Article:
Chart: The Changing Latino Vote

By Holly K. Sonneland

Democrats’ gains among Latino voters from 2016 to 2018 were modest, and in some cases, there were losses.

In the November 6 midterm elections, Democrats took control of the U.S. House of Representatives, picking up close to 30 seats. Where did that support come from? It’s a mixed bag, especially when looking along race and gender lines. Of white, black, and Latino men and women, white men made the biggest shift to the left, though they also are starting on the farthest right of the political spectrum.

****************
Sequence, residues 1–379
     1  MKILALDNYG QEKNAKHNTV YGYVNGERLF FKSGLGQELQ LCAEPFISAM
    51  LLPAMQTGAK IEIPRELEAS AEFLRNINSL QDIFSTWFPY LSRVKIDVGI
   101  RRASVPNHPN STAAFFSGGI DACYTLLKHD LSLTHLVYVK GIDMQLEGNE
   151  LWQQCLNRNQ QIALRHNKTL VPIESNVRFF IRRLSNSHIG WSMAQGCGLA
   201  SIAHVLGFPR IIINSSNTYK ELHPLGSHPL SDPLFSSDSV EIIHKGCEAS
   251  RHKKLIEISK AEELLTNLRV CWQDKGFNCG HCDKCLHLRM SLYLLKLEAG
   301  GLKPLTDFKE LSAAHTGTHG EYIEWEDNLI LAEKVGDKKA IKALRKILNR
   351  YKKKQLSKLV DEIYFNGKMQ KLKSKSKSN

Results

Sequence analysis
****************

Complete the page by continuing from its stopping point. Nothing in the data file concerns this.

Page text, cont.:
Party gains among Latino voters were more modest when compared to other groups. Latino men in Florida are one of the most conservative minority groups in the country, and Latina women in Texas got more conservative this time around.

We take a look at how Latino voters shifted their party preferences from 2016 to 2018, focusing on races in Florida and Texas in particular, where the Latino population is substantial (15 percent of the voting population in Florida and 26 percent in Texas) and the support runs across the aisle.